Questions to Ask During a Job Interview
Always ask one more question
When you're at a job interview, it's not just about the questions they ask you, but the ones you ask your potential employer. Any candidate who sits across from a hiring manager and doesn't have questions about the job will raise a red flag.
Here are questions that top recruiters say you should consider asking when you're at your next job interview.
Research the company first
Before you go in for a job interview, do your due diligence and research the company. Find the latest news articles about the company, and its top executives, and if you can discreetly research the hiring manager through their LinkedIn profile or Facebook profile or Instagram account, all the better. Information is power, and even if you don't share your knowledge about their fetish for peanut butter cookies at midnight (and we advise you don't bring it up), knowing everything you can about the person interviewing you gives you an advantage.
Develop your questions
Cameron Weller, director of sales and strategic recruitment for Betts Recruiting, said, "You should always prepare for interviews with a list of 8-10 killer questions that are thoughtful and specifically tailored to the company and interviewer. Cover your bases with 2-3 questions about the company, their product or service, the interviewer, and the specific role. You should always go beyond just asking a question. Provide detailed context to show you did your research. For example, instead of asking, 'what makes your top sales rep successful,' you could say, 'I know you are aggressively building out the sales team. What are you looking for in new hires, and what is your top rep doing to be successful?'"
You should always have questions to ask during a job interview. Your thoughtful questions should be focused on the job and the needs of the hiring company, and will show that you’ve done your homework and are genuinely interested in this specific opportunity. Asking good questions also helps to make the interview a dialogue rather than an interrogation and enhances your credentials, said Les Sper, a recruiter with Gilman Partners.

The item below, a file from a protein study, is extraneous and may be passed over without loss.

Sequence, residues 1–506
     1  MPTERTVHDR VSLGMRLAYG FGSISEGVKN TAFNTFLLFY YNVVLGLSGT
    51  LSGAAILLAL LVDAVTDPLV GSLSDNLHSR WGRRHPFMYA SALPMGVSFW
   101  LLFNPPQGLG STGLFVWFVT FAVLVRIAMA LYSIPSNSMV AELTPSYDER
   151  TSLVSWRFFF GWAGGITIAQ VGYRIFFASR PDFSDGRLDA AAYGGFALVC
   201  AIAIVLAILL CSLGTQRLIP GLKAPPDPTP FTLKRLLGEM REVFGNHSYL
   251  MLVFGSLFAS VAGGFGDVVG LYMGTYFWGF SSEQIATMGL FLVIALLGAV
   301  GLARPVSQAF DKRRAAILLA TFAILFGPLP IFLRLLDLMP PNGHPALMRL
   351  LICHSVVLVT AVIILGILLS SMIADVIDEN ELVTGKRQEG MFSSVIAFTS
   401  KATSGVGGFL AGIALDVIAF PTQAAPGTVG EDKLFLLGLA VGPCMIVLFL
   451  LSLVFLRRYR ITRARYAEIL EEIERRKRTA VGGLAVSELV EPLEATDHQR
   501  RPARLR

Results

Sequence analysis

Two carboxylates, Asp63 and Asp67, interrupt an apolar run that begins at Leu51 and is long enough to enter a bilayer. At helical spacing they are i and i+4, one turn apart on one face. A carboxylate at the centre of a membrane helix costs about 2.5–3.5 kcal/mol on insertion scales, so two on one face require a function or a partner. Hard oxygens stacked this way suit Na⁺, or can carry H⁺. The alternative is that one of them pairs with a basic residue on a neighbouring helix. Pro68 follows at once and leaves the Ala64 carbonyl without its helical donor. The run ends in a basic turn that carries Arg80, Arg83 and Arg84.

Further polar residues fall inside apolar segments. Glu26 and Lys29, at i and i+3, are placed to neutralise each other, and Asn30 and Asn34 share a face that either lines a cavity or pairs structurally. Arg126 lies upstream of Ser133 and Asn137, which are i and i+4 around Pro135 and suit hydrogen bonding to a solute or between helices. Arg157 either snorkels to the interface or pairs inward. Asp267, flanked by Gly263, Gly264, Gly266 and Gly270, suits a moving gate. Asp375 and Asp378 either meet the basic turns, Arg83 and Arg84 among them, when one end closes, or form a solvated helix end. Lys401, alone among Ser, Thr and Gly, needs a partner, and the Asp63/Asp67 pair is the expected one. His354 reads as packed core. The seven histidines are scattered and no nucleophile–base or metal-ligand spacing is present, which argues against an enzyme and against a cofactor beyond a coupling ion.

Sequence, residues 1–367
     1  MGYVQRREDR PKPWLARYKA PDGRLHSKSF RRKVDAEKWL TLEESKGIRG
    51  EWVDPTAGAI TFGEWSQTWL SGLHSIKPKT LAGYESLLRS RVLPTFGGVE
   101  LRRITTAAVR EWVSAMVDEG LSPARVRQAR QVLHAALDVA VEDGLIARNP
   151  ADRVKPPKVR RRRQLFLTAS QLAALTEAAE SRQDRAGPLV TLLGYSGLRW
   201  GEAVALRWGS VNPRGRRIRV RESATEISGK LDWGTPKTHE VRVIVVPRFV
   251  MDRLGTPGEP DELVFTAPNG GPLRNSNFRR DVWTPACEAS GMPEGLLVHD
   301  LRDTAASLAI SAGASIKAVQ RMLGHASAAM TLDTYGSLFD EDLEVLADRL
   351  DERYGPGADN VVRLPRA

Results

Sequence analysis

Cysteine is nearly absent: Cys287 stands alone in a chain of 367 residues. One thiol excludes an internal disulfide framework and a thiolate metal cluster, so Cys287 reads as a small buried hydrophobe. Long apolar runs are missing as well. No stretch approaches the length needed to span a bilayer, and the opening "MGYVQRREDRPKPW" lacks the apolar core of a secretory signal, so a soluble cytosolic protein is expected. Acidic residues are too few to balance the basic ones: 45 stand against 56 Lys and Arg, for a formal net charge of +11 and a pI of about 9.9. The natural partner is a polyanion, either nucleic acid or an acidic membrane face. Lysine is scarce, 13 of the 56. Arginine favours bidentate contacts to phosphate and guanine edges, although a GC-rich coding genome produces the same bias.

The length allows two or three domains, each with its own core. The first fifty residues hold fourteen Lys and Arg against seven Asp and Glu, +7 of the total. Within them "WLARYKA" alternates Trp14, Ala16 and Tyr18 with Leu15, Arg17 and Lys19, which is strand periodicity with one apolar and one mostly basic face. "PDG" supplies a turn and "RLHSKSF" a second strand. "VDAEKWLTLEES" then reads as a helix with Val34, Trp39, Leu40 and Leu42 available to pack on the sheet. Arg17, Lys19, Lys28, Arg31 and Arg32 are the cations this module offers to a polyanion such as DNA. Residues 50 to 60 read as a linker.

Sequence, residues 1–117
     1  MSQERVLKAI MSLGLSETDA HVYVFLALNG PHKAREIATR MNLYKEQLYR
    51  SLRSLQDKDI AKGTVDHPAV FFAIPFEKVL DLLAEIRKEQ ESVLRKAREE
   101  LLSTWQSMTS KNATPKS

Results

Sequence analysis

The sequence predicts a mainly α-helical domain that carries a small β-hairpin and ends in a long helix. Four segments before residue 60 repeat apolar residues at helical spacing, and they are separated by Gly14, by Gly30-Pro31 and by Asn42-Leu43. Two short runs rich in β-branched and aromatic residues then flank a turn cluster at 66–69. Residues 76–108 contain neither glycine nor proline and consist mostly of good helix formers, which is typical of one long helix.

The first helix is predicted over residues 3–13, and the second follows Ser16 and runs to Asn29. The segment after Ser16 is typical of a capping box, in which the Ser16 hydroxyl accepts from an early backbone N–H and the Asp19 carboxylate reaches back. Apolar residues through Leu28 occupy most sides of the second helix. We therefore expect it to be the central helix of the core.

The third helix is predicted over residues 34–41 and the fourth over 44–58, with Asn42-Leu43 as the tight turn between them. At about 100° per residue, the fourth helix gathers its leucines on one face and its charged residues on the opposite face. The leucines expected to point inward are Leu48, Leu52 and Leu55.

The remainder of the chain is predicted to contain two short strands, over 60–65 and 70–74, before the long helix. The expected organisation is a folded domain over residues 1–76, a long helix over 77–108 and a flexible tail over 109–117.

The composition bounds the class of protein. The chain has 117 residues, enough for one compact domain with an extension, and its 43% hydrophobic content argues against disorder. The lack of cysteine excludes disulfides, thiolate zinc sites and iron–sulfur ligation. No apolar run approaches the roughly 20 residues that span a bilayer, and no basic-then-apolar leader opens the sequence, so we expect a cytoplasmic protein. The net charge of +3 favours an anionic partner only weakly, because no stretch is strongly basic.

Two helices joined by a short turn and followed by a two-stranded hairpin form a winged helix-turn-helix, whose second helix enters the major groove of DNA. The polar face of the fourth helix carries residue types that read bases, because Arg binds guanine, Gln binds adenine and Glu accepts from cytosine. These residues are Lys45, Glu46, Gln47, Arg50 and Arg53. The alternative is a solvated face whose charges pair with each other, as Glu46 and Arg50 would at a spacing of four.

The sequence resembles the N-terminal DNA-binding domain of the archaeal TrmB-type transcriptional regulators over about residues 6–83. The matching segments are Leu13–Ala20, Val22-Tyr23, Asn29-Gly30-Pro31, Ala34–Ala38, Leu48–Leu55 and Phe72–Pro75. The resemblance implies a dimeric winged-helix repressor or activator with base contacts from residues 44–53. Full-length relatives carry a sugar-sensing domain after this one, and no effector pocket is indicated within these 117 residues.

A great question to save for the end of the interview will reinforce your interest and also probe for any unspoken concerns of the interviewer, Sper said.
"For example, you could ask, 'Based on what we’ve covered today I believe I am a very good potential fit for this position. Do you have any significant concerns about my ability to do this job well?' Most of the time the interviewer will answer 'no' and mentally will have moved you forward in the screening process. If the answer is 'yes' you have an opportunity to address any expressed concerns while still in a face-to-face conversation.
Kent Burns is a recruiter with Sanford Rose Associates, and he said that the questions you ask make you either stand out, or be forgotten as a candidate. "Good questions are indicative of candidate preparation, insight and intelligence."
Here are Burns top suggestions:
- You should craft questions that fit your audience. Candidates should ask higher level interviewers strategic and big picture questions like: “From your perspective, what are the most important issues the company is facing right now?” “How does this role (that I am interviewing for) play a part addressing those issues?” “When you think about the top performers at this company, what attributes come to mind…is there a common denominator that you can identify?"
- Lower level interviewers should get more tactical and job-specific questions, like: “Who are the most important internal and external customers for this position?” “When you think about the person who just had this position, what made them successful at it? Where did they struggle?”
- A candidate should have a couple of questions that they ask every interviewer, to check for consistency across their answers. “Why did you come to work here?” “Why do you stay here?” “How would you describe the culture here?” “What is the company’s top priority for this year?"
- A candidate should ask some question that will provide them real time information that they can use to better position themselves in the interview. For example: “If you could fast-forward to future to a place where this person has been hired, what were the 2-3 most important criteria that drove the decision?” The answer to that question will give you some huge clues as to how you better be positioning yourself in this interview.
- You should always have one more question. To say, “No, you’ve pretty much answered all my questions” is totally unacceptable. The magic question to ask when you’re at this point is this: “What else is important to you about this position or my background that we haven’t had a chance to speak about?
- That question is magic, because it opens the door to make sure nothing gets left on the table that could become an issue after the interview.